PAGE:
The conventional wisdom is that without a republican challenger this fall, Syracuse Mayor Stephanie Miner is virtually assured of a second term. But the mayor still has challengers. The Conservative Party is offering Ian Hunter as its candidate. The Green Party's contender is Kevin Bott. YNN's Bill Carey says the Greens are making it clear they intend to run a hard campaign.
SYRACUSE, N.Y. -- In a city where democrats outnumber every other party, the approach for any other party is sign up more voters. The Green Party is taking the challenge, hoping it can enroll more supporters for its local candidates this fall.
With republicans offering no candidate for the city's top job, the group says it will not allow democrat incumbent Stephanie Miner to go unchallenged.
"The Greens, we see ourselves as the second party in Syracuse, because the republicans, they're not going to mount a challenge to the Democratic Party," said Ursula Rozum, Green Party Organizer.
The leaders of the Green Party say they have a message that resonates with voters. The issue, though, is getting voters to hear that message.
Kevin Bott wants debates to get his positions out. But the mayor, with no major party opposition, doesn't seem eager.
"We have just not been able to get confirmation from Kyle or anyone from the campaign that you'd be willing to debate," Bott said.
"The people of the city are going to hear. They've heard this morning, they've heard this afternoon, they're hearing three times tonight. So we'll get back to you," said Syracuse Mayor Stephanie Miner.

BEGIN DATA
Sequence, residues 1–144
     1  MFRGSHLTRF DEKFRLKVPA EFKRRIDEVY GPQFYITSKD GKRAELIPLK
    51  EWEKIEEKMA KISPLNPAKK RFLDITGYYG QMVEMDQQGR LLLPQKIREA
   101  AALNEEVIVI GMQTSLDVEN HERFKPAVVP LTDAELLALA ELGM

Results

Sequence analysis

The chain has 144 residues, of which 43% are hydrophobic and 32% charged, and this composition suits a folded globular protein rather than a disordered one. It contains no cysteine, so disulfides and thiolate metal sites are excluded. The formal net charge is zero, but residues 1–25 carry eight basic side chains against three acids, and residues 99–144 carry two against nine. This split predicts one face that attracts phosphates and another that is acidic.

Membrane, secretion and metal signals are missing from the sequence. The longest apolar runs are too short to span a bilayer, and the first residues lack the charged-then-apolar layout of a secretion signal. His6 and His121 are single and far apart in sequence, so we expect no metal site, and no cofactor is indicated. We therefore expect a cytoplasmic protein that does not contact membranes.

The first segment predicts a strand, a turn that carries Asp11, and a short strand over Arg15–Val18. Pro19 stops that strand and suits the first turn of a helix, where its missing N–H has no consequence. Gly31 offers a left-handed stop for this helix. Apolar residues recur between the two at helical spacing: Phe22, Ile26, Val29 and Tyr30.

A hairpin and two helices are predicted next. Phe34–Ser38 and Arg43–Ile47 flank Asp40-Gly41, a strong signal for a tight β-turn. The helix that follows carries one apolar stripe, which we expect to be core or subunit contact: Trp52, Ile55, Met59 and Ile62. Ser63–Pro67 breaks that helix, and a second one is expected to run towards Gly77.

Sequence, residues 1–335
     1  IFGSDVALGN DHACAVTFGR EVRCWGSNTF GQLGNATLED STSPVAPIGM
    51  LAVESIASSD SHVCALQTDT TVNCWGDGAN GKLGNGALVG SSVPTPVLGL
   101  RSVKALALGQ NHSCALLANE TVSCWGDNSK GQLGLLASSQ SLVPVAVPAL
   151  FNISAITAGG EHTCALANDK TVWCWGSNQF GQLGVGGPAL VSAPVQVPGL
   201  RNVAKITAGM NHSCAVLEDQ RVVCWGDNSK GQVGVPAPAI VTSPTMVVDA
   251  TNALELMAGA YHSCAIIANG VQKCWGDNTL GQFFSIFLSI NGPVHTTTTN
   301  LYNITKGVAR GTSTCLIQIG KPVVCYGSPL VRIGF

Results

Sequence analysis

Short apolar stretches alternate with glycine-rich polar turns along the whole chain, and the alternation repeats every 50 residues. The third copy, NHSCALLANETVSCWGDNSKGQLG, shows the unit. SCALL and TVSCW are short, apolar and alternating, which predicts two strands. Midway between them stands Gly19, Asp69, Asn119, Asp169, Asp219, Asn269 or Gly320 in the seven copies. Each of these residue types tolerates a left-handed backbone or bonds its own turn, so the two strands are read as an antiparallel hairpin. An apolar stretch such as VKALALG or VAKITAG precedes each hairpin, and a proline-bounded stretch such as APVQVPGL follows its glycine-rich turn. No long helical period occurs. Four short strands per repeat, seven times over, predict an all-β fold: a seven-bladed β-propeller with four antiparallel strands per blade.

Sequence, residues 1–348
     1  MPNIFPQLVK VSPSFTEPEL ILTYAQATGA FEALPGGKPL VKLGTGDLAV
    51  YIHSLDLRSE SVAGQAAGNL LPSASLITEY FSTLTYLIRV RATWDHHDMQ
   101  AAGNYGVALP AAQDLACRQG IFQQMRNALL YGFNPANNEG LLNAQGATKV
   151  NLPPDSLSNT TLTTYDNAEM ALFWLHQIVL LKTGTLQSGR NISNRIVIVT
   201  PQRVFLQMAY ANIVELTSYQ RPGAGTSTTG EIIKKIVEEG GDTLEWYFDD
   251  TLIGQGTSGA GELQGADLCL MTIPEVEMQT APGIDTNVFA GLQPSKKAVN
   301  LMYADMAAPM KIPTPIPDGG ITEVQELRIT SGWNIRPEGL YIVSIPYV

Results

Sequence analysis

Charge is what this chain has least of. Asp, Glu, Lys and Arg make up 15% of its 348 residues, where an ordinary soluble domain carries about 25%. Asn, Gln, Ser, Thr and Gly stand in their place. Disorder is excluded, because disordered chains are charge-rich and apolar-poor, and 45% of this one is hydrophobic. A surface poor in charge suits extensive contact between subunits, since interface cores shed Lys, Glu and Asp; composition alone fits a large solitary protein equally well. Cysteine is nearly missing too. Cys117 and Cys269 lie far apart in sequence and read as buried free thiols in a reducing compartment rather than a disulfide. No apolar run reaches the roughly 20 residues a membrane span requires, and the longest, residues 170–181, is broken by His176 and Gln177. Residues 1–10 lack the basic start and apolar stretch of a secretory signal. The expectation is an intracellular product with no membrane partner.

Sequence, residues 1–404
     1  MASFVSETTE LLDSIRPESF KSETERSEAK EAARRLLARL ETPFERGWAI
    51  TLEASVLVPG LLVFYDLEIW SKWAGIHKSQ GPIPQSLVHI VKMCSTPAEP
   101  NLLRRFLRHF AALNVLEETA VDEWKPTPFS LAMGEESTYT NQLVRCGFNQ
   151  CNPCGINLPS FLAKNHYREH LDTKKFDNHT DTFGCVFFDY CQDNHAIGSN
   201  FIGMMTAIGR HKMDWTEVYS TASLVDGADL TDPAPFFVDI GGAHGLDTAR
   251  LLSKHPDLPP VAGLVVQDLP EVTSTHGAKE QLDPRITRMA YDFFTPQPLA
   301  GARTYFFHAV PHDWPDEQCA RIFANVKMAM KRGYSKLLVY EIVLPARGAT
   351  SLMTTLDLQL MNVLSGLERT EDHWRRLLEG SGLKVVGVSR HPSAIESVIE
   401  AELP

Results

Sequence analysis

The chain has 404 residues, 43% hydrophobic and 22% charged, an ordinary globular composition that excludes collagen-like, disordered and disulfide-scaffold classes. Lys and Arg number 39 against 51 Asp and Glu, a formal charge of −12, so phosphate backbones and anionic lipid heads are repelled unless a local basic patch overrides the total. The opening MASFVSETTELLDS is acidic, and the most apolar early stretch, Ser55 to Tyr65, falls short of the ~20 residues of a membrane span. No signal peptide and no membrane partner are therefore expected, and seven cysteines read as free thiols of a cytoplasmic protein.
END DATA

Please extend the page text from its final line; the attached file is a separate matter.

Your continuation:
Bott said, "But they're hearing your philosophy."
"Well, you had a letter to the editor this morning and you've had other stuff going on," Miner said.
"But you have to admit that having a televised debate or a radio debate would reach many more of the residents of Syracuse than a meeting at a church. Not that this isn't important," Bott said.
Miner replied. "It's very important and, Kevin, I've done that and I go to where I'm asked to go and I do what I have to do and there's just a reality about, there's just so many hours in the day."
"If the people don't have a chance to listen to differing viewpoints and perspectives and visions for the future of our city, you know, essentially we're saying the race is over and the people don't have a choice," Bott said.
The Greens cannot compete in paid media. Their county party has only has about $4,000 in the bank, 40 times less than Miner's campaign treasury. So expect to hear more calls for debates and to see more Green Party organizers on the street.
Rozum said, "Nobody ever said it was easy to be an insurgent third party."
The last time the Green Party made a push for the mayor's post was 2005. In that race, candidate Howie Hawkins drew close to five percent of the vote.